This eye-opening and entertaining first novel paints a vivid picture of the rough-and-tumble of 19th century urban America. Vera St. John is a resourceful girl growing into an unconventional woman. She comes of age through the wild streets of New York City, the quiet rural village of Flatbush, the mob violence of Baltimore, and the turmoil of Washington City during the Civil War, struggling to make her way out of poverty. All the while she hides an explosive secret: she is the daughter of the “infamous Maria Monk” one of the century’s most notorious women. Vera sees her world with irreverence and insight, and comes to learn about the corrosive nature of power, the importance of freedom, and the real meaning of belonging.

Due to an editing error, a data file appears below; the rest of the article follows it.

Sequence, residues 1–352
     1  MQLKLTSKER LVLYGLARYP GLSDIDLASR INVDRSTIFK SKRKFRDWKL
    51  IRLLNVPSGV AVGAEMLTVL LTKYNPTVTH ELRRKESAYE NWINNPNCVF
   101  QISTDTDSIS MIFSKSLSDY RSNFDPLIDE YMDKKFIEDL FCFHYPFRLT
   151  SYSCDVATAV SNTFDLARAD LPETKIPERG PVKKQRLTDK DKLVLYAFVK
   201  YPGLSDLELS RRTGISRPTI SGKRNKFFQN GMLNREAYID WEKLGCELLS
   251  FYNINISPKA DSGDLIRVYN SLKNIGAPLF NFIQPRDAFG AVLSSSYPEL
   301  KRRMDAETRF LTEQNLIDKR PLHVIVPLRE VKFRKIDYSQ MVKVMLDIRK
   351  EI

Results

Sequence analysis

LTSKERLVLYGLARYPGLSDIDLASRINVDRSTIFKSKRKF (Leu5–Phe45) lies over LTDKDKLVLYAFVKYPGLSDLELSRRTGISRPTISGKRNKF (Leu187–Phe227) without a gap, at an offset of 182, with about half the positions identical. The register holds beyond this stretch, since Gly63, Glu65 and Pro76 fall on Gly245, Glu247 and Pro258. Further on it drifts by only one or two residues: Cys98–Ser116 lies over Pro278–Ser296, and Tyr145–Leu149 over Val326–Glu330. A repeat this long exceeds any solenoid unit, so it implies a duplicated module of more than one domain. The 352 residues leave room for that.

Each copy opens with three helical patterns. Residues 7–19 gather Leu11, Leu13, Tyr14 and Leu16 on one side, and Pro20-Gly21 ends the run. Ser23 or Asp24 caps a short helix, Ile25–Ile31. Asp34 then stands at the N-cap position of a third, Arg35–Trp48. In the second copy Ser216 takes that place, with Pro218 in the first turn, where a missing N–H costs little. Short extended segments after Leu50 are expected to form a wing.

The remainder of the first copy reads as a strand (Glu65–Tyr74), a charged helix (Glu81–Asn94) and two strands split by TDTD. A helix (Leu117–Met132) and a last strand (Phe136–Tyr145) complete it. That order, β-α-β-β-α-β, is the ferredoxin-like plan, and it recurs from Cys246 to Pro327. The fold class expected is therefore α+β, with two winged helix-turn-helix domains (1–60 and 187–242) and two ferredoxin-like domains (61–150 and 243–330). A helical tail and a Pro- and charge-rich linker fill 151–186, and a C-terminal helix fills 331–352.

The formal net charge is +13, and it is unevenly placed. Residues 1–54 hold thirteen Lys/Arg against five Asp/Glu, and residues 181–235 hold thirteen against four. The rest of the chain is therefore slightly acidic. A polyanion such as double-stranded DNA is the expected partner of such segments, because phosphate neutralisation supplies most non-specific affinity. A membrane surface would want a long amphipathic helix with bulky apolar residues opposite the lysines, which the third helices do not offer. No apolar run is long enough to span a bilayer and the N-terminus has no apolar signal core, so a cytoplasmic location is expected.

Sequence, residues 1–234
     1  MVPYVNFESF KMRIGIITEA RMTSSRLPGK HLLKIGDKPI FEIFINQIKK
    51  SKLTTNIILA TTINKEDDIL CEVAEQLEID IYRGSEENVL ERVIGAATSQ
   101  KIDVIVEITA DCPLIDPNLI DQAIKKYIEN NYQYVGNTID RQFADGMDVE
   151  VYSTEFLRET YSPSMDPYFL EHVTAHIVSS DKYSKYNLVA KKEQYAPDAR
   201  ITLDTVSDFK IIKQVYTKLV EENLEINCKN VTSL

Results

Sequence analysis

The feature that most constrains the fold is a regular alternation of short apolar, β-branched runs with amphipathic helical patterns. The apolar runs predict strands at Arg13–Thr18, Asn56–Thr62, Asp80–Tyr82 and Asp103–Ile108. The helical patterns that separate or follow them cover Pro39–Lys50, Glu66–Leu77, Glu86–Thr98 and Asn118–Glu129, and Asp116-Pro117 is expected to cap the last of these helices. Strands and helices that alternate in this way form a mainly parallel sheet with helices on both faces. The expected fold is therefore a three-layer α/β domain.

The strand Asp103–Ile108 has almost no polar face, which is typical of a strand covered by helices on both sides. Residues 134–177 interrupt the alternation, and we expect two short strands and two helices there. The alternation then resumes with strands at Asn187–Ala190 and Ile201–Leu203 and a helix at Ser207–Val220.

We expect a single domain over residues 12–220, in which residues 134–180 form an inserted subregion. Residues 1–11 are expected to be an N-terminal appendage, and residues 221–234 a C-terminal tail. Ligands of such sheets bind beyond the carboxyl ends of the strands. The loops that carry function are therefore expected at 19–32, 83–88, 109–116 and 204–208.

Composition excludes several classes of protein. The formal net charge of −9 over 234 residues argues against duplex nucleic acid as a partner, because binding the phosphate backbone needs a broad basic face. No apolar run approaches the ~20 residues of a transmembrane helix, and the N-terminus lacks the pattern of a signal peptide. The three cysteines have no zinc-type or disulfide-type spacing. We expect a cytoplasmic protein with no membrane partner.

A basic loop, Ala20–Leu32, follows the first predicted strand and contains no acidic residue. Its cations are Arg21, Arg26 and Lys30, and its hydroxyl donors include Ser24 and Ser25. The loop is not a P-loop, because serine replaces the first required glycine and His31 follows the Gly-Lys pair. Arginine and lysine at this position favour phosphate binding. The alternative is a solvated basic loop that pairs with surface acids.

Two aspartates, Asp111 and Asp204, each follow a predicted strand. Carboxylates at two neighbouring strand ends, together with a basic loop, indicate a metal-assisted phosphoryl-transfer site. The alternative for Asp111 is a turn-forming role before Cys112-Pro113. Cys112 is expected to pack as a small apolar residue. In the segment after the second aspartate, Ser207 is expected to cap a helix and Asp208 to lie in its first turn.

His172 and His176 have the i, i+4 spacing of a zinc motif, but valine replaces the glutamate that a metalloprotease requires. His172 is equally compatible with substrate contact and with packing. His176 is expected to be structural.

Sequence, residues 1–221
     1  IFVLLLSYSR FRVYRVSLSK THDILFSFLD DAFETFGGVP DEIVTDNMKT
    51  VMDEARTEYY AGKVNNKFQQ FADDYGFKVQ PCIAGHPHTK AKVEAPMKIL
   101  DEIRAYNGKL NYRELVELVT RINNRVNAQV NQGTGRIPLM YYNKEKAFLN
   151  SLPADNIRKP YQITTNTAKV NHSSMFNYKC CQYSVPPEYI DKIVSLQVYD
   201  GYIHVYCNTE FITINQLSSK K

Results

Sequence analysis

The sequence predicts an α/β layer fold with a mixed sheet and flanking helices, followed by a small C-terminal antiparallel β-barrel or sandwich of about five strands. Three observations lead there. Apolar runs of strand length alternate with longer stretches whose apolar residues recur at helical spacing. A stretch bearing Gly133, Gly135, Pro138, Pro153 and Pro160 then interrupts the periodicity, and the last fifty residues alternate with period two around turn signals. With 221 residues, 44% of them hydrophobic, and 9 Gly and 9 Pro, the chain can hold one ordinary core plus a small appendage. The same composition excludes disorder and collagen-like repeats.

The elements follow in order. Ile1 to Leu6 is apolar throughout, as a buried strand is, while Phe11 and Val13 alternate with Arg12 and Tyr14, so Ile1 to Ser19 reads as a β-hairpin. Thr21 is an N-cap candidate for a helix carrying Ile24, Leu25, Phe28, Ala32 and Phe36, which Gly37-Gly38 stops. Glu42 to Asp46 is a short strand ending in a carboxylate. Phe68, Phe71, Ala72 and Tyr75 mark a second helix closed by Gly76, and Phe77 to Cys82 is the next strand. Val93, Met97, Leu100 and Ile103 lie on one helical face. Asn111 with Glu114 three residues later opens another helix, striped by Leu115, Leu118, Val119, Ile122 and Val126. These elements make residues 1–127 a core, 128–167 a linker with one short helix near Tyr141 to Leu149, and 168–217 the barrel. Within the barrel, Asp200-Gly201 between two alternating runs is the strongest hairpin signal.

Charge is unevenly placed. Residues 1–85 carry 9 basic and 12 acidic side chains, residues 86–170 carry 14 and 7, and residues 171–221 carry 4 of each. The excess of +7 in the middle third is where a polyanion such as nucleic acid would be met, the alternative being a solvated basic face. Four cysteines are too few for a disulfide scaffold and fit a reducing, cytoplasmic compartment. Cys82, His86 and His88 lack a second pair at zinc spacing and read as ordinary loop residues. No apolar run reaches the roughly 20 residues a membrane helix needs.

The Monk Woman’s Daughter by Susan Storer Clark is a historical mystery with a lot of suspense. Keeps readers like myself entertained. The historical parts to this fictional tale was well-researched. I felt like I stepped back to that particular time period. Susan Storer Clark brought up a lot of strong issues that were faced back then into her novel. That was interesting…it felt a little bit like an educational journey but in the most exciting way. One theme was centered around women. How they dealt with the life they were given or stuck within…like the main character, struggling with the weight of her parents. The Monk Woman’s Daughter is an intriguing tale that I recommend all to read.